Most new watercolour paintings begin with a pencil sketch. I heightened the contrast on this photograph to make the lines seem more noticeable.
I also applied masking fluid/frisket to the foreground and bird since I wanted to start by painting the background first.
I applied a thick layer of paint for the background using Quinacridone Gold, Pyrrol Blue and Pyrrol Scarlet. It appears very vibrant since it’s still quite wet.
Watercolour dries 20-30% lighter (on average). You can clearly see the difference.
Unfortunately I had a puddle of water on the centre of my paper which caused some blossoming.
When it was fully dried, I tried painting another layer of paint over the background to try to hide the blossoming. I regret this. The more I touched the background, the more the paint underneath lifted. It resulted in a lot of brush marks.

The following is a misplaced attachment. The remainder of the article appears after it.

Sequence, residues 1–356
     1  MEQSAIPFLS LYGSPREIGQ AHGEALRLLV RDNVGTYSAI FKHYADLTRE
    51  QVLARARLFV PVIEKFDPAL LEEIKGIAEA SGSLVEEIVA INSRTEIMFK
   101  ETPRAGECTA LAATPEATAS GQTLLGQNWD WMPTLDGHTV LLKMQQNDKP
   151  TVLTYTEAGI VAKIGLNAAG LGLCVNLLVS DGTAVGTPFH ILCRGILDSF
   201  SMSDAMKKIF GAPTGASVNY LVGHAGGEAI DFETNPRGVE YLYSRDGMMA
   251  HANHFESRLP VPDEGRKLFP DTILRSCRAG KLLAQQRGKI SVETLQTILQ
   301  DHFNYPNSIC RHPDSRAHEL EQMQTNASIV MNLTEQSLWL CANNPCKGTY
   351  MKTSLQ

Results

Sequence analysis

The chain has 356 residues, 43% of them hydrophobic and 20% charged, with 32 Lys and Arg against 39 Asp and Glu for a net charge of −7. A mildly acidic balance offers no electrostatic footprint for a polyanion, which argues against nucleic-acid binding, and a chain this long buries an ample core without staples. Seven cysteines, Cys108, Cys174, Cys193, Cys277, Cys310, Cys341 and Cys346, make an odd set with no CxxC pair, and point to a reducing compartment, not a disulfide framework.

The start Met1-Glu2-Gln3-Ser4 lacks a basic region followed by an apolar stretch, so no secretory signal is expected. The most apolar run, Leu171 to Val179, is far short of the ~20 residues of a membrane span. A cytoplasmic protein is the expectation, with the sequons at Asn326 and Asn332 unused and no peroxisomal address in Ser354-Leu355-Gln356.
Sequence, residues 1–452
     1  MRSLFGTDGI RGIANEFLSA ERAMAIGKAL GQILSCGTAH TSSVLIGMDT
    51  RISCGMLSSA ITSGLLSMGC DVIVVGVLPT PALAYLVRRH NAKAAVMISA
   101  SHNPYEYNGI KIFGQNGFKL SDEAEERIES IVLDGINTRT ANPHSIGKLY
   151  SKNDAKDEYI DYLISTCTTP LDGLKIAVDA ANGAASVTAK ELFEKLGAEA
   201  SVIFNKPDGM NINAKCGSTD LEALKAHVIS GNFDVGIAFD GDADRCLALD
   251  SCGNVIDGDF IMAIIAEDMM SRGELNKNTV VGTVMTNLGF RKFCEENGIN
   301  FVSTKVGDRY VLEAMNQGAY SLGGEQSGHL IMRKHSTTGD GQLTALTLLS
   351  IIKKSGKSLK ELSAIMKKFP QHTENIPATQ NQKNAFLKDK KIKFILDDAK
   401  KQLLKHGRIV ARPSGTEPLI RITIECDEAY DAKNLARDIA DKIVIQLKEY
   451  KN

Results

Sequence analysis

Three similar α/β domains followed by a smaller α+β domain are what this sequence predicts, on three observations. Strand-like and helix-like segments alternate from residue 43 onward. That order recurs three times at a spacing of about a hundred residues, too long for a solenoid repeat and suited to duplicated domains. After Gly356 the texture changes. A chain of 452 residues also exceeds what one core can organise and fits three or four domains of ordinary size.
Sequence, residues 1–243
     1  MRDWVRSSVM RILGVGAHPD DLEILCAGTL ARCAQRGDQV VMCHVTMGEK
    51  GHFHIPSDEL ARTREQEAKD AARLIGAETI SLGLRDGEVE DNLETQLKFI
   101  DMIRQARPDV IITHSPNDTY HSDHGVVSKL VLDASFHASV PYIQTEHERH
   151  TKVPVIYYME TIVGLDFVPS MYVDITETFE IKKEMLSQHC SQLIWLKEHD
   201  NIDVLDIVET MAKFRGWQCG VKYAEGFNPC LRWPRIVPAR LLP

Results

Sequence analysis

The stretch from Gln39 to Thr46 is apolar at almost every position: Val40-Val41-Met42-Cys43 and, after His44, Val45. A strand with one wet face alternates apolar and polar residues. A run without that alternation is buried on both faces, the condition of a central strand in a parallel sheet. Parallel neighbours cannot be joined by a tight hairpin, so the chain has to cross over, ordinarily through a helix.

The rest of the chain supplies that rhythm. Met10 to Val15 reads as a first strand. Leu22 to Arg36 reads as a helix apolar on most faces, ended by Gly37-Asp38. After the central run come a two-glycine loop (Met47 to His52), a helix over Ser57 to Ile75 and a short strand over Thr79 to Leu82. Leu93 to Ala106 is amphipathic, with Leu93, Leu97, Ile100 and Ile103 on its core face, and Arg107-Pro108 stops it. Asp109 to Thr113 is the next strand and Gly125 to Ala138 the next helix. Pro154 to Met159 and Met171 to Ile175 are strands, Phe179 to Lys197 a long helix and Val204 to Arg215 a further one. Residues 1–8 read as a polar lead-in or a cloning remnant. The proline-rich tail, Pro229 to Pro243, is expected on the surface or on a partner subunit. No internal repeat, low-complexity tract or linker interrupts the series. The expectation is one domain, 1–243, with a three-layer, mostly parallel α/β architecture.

This caused me to go on and learn more about glazing more effectively.
I also attempted to paint the mid-ground bushes. I realised at this point that a lot of tutorials online about painting distant foliage and very detailed foliage, but not many tutorials about painting mid-ground foliage. My attempts resulted in what can be assumed as foliage, but an unsatisfactory look.
I then focused on painting the aged wooden planks that made up the fence. I wanted these tinged slightly blue to suggest that it had been many years since they had been painted and cared for – the rustic look.
Finally I worked on the foreground rose vines, the yellow roses and the blue bird.
Being so unsatisfied with the background, I decided to not spend too much time on the foreground as the main purpose of doing this painting was to practice dark backgrounds and wood textures.
The finished painting: